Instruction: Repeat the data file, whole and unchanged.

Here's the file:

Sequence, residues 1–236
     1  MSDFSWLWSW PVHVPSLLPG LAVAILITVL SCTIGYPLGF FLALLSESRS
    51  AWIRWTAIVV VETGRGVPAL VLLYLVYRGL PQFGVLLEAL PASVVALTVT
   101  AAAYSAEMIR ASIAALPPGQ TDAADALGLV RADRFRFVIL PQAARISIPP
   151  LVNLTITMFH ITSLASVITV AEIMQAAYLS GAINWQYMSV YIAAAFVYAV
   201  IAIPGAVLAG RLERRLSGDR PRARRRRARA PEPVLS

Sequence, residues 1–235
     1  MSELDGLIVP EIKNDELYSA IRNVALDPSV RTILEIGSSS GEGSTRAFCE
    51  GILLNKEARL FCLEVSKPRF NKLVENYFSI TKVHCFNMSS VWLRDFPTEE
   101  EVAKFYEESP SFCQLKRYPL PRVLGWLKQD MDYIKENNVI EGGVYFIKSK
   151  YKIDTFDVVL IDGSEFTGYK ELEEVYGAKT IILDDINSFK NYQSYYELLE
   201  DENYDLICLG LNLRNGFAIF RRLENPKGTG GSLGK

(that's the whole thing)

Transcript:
Sequence, residues 1–236
     1  MSDFSWLWSW PVHVPSLLPG LAVAILITVL SCTIGYPLGF FLALLSESRS
    51  AWIRWTAIVV VETGRGVPAL VLLYLVYRGL PQFGVLLEAL PASVVALTVT
   101  AAAYSAEMIR ASIAALPPGQ TDAADALGLV RADRFRFVIL PQAARISIPP
   151  LVNLTITMFH ITSLASVITV AEIMQAAYLS GAINWQYMSV YIAAAFVYAV
   201  IAIPGAVLAG RLERRLSGDR PRARRRRARA PEPVLS

Sequence, residues 1–235
     1  MSELDGLIVP EIKNDELYSA IRNVALDPSV RTILEIGSSS GEGSTRAFCE
    51  GILLNKEARL FCLEVSKPRF NKLVENYFSI TKVHCFNMSS VWLRDFPTEE
   101  EVAKFYEESP SFCQLKRYPL PRVLGWLKQD MDYIKENNVI EGGVYFIKSK
   151  YKIDTFDVVL IDGSEFTGYK ELEEVYGAKT IILDDINSFK NYQSYYELLE
   201  DENYDLICLG LNLRNGFAIF RRLENPKGTG GSLGK